LSS mOrange

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What is Lss mOrange?

LSS mOrange, is a Large Stroke Shift protein that acts as a fluorophore. It absorbs light at 395nm and emits light at 509nm, as orange fluorescence. This protein is a genetic variant of DsRed, which come from a coral.
The protein from DsRed is known to have a long time of maturation.

Motivation for using Lss mOrange in the Bioreporter

We wanted to separate the excitation and emission wavelengths of the bioreporter to be able to distinguish better the emitted light from the LED light with our prototype 1. The better the separation between excitation and emission wavelengths, the easier we can find a non-expensive filter to remove the excitation light, and cleaner the signal.
eGFP, the fluorescent reporter we are using for the moment, excitation and emission wavelengths are too close to be distinguished correctly.

You can see our write up in an article on biodesign.cc: eGFP or not to eGFP.

LSS mOrange has a larger Stoke’s shift than eGFP:

Protein Excitation wavelength (nm) Emission wavelength (nm) ∆λ (nm)
eGFP 488 507 19
LSS mOrange 437 572 135



Experiment for LSS mOrange characterisation

The goal of this set of experiments was to characterize LSS mOrange (strain, sensitivity to arsenic, time for development, fluorescence activity…) to finally define if it is better to work with LSS mOrange or eGFP, the bioreporter actually used, as part of our prototype.

We also want to answer some questions :

  • How does the relative fluorescence of LSS mOrange vary with arsenic concentration?
  • Is the buffer pH ideal for the LSS mOrange and AsrR synthesis, but also for the bacterial growth?
  • How much time does LSS mOrange need to take its conformation compared to eGFP?

To answer this question, we proposed some experiments. Because of a lack of time and schedule conflicts, we never tested it. These experiments are just a direction of research.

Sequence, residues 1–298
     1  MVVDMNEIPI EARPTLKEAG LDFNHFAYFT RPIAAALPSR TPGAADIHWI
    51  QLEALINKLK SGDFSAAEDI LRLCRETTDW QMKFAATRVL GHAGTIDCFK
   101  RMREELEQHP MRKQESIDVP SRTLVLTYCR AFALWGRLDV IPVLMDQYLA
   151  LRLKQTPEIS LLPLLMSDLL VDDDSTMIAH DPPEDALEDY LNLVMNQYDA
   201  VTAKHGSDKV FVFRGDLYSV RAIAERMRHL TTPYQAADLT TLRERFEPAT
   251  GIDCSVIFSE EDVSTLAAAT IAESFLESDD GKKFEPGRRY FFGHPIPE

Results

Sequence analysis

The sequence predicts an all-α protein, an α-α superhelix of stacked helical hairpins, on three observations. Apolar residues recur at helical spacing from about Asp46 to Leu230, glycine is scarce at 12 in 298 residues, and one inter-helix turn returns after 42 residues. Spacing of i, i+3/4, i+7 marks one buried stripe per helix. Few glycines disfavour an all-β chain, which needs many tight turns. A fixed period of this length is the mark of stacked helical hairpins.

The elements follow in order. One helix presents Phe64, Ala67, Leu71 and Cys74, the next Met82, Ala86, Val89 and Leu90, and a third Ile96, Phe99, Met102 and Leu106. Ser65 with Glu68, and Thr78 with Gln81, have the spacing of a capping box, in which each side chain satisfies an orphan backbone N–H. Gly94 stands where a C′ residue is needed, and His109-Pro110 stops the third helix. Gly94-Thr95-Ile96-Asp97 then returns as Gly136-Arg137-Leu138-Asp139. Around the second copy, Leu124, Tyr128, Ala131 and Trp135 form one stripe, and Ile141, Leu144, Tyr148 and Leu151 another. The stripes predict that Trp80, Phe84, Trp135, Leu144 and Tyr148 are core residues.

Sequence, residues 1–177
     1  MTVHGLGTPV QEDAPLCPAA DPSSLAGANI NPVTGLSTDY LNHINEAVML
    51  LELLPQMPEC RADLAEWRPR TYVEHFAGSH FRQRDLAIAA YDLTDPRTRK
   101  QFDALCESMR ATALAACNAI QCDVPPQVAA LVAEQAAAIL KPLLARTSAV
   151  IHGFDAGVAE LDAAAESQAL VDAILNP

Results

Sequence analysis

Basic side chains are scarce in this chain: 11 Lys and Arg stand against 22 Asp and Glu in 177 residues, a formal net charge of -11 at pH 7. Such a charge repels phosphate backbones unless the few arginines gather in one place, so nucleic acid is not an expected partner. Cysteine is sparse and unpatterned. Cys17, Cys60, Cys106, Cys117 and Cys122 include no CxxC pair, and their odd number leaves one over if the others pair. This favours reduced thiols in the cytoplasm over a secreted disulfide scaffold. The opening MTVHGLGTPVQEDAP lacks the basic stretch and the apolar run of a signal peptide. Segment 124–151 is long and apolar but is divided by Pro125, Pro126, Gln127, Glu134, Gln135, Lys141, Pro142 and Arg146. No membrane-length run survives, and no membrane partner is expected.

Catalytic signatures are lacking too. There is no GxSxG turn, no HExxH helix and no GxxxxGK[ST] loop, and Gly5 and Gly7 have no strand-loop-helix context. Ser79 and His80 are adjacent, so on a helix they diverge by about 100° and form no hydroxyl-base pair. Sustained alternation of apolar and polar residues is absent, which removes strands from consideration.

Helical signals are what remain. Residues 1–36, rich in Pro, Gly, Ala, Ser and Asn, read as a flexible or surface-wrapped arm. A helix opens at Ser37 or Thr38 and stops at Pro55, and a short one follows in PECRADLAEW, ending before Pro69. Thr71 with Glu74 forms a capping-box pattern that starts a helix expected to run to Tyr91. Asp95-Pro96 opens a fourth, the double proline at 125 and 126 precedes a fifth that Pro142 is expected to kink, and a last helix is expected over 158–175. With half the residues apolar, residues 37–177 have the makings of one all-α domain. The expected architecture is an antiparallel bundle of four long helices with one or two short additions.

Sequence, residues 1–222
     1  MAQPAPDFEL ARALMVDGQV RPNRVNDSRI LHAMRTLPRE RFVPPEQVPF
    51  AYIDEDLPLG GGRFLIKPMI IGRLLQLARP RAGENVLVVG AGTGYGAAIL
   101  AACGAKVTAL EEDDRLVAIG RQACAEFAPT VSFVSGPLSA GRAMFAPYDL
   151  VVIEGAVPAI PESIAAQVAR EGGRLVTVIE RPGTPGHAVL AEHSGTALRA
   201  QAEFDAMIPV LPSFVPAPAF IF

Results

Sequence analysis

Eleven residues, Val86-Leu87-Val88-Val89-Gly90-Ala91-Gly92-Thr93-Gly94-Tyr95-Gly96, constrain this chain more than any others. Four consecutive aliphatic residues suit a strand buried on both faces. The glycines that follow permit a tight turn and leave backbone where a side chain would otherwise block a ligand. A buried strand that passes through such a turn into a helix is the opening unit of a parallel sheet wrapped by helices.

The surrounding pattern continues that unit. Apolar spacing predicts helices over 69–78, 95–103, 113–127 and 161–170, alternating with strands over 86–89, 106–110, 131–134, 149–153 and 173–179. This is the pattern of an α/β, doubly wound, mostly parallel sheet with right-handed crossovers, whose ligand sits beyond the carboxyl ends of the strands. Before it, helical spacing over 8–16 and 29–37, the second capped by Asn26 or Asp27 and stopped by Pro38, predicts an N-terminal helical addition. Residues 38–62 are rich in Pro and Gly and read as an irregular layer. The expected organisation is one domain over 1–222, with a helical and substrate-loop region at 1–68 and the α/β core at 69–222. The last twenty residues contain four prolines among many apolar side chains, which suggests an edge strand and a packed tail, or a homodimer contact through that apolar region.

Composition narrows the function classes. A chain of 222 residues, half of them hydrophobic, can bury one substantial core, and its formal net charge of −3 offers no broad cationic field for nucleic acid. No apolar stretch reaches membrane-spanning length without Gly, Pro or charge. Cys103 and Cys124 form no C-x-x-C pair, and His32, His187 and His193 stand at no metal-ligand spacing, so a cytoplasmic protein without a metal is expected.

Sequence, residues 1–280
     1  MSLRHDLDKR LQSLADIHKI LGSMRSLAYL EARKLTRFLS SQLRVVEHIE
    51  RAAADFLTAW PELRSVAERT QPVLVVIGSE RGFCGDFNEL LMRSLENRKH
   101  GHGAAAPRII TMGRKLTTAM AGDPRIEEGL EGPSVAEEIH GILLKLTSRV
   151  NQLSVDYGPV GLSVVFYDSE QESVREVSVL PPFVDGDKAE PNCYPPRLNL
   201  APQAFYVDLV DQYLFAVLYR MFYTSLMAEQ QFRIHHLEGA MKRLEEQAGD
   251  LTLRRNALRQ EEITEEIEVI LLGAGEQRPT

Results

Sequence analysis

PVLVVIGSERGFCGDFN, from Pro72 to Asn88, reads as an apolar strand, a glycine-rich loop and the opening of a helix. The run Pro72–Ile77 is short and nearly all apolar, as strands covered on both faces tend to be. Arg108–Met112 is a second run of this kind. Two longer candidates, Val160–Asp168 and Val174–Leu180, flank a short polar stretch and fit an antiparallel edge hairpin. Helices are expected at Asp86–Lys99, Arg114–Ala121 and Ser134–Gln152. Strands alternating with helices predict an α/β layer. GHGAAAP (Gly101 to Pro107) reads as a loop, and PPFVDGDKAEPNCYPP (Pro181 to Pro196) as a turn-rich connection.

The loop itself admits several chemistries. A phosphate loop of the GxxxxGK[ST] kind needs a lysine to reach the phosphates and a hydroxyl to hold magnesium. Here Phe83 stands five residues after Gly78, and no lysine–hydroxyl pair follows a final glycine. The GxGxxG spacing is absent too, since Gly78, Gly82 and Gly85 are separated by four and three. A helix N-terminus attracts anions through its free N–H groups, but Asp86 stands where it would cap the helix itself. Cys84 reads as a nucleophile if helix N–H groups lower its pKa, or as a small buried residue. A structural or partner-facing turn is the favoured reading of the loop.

How does the relative fluorescence of LSS mOrange vary with arsenic concentration in function of time?
The goal is to get a very precise calibration curve of the relative fluorescence of LSS mOrange in function of arsenic concentration. As we noticed during our first set of experiments, fluorescence increases linearly when the arsenic concentration varies between 0 and 100µg/L and then it reaches a maximum. So we can make a calibration in this range.

A possible experiment : We have to perform an experiment with the following strains of bacteria : LSS mOrange (from the plate and from the stock), AsrR and with no bioreporter.
We can prepare samples with arsenic concentration varying between 0 and 100µg/L, every 10µg/L.
We will make a measurement of the fluorescence and the absorbance (OD600) with the fluorimeter every hour to make a precise curve of the relative fluorescence as a function of arsenic concentration.

Is the buffer pH ideal for the LSS mOrange and AsrR synthesis, but also for the bacterial growth?
The goal of this experiment is to find the optimal solution which allows LSS mOrange and AsrR, the receptor of arsenic at the surface of E.coli, to get their active conformation and also allows an ideal growth environment for the bacteria.

A possible experiment : We have to perform an experiment with the following strains of bacteria LSS mOrange (from the stock and from the plate), AsrR and with no reporter.
We can prepare growth samples at different pH, by adding acid or basis, for example one solution every 0.5, between a pH of 2 and 10. We will make a measurement of the fluorescence and the absorbance with the fluorimeter every hour.

How much time does LSS mOrange need to take its conformation compare to eGFP?